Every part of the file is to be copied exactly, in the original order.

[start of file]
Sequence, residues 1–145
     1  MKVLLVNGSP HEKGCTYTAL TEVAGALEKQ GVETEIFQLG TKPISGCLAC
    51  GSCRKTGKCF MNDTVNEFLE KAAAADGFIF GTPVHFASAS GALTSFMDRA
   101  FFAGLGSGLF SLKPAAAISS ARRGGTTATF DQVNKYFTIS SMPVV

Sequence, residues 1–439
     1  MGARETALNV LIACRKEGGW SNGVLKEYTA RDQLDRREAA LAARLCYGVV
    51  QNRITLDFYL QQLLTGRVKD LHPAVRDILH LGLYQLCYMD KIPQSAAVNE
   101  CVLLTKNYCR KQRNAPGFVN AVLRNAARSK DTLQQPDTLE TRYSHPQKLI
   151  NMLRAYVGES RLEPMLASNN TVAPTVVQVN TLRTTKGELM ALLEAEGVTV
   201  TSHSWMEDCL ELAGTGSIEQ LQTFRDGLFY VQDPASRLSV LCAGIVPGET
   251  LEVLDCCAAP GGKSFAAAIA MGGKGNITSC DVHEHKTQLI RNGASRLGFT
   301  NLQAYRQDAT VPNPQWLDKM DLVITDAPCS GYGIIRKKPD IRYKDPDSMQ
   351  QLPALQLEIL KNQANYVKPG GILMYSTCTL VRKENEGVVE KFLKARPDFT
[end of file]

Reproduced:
Sequence, residues 1–145
     1  MKVLLVNGSP HEKGCTYTAL TEVAGALEKQ GVETEIFQLG TKPISGCLAC
    51  GSCRKTGKCF MNDTVNEFLE KAAAADGFIF GTPVHFASAS GALTSFMDRA
   101  FFAGLGSGLF SLKPAAAISS ARRGGTTATF DQVNKYFTIS SMPVV

Sequence, residues 1–439
     1  MGARETALNV LIACRKEGGW SNGVLKEYTA RDQLDRREAA LAARLCYGVV
    51  QNRITLDFYL QQLLTGRVKD LHPAVRDILH LGLYQLCYMD KIPQSAAVNE
   101  CVLLTKNYCR KQRNAPGFVN AVLRNAARSK DTLQQPDTLE TRYSHPQKLI
   151  NMLRAYVGES RLEPMLASNN TVAPTVVQVN TLRTTKGELM ALLEAEGVTV
   201  TSHSWMEDCL ELAGTGSIEQ LQTFRDGLFY VQDPASRLSV LCAGIVPGET
   251  LEVLDCCAAP GGKSFAAAIA MGGKGNITSC DVHEHKTQLI RNGASRLGFT
   301  NLQAYRQDAT VPNPQWLDKM DLVITDAPCS GYGIIRKKPD IRYKDPDSMQ
   351  QLPALQLEIL KNQANYVKPG GILMYSTCTL VRKENEGVVE KFLKARPDFT